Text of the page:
During the past five years drug abuse has increased among schoolboys, but slightly decreased among schoolgirls. Today 23.4 percent of schoolboys use narcotics, when five year ago that number was 16.8, said the municipal press service. Among schoolgirls the percentage has fallen from 10.8 percent in 2003 to 8.4 in 2008. Although the amount of smokers has decreased, more than one third of schoolchildren smoke, 14.2 percent of them smoke daily. Consumption of sweetened beverages and sweets has grown, while children eat less whole and rye bread. 45 percent of children said they eat fast food several times a week to daily. Five year ago the figure was 31 percent. Sports have become more popular -- only 25 percent of interviewed boys and 29 percent of girls did no sport regularly outside of school.
Skinheads and activists of the pro-Russian movement Night Vigil accompanied the veterans of Estonian Waffen SS who had taken part in battles in World War II, but no incidents were registered by the police. In total there were around 200 people, including about 10 skinheads and 10 members of Night Vigil. Members of Night Vigil did not carry any posters or banners, but they had ribbons around their hand, indicating their membership. All SS veterans wore civilian clothes. On Saturday the police dispatched additional patrols to Vaivara rural community to provide security to the Waffen SS veterans. The event itself took place in Sinimaed. This is the place where one of the fiercest battles in World War II took place. On July 29, 1944 one unit under Capt. Paul Maitla's command managed to thwart the Red Army men's attempt to take over Grenadier Hill.
Tartu University's Russian studies have attracted great interest and there were 24 applications to 10 places. The University did not dare to hope for such interest, since their experience with master's degree programs of Baltic studies showed that it takes a couple of years for information about it to absorb outside Estonia. The university accepted seven foreign students and three Estonians. Foreign students come from United States, Holland, Sweden, Italy, Finland and one from Russia as well. The reason could be students see Estonia as a safe place to study about Russia. The program is interdisciplinary, which means it focuses on more than just a couple of fields of study. Separate courses are on law, economy, politics, culture and history. The two-year program ends with a Master's thesis and a degree in social sciences.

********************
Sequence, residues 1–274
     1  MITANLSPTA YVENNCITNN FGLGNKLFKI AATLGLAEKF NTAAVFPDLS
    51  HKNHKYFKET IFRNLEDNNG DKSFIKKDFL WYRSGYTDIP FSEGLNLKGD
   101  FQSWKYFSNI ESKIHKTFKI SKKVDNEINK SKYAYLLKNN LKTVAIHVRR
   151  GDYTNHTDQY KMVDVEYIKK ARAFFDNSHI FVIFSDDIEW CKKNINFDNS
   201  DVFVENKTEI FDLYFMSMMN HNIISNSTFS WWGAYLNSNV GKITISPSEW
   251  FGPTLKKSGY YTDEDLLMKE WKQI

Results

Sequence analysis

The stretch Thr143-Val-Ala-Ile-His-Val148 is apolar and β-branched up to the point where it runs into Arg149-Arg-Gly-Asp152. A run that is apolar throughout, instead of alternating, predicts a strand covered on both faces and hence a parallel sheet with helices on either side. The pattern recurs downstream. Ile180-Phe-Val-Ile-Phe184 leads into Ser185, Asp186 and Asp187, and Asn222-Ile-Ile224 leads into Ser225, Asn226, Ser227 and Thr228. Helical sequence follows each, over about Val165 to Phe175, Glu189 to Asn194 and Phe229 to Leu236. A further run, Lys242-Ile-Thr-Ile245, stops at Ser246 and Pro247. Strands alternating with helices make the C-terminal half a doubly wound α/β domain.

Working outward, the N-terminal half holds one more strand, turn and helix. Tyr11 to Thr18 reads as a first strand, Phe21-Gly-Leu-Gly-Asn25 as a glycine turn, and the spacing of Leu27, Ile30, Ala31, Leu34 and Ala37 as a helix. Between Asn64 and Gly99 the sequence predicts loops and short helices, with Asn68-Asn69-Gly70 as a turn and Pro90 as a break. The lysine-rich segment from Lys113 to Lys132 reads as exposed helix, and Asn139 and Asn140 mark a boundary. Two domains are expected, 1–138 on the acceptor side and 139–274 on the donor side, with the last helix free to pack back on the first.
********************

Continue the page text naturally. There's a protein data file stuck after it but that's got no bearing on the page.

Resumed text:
Estonia is to give nearly 1,400,000 kroons (89,500 euros) in support training to Georgian public servants and specialists of nonprofit organization in the sphere of social work. The money comes from Foreign Ministry's development aid and humanitarian relief budget. Foreign Minister Urmas Paet's said that Georgia lacks at present a systemized social welfare system and therefore needs first and foremost general knowledge of social work. A hundred specialists will be trained in social work and shaping of social policy and also practical work in Estonian public sector and nonprofit institutions. The Project is implemented by the Institute of Social Work of Tallinn University and nonprofit organization Youth to Youth.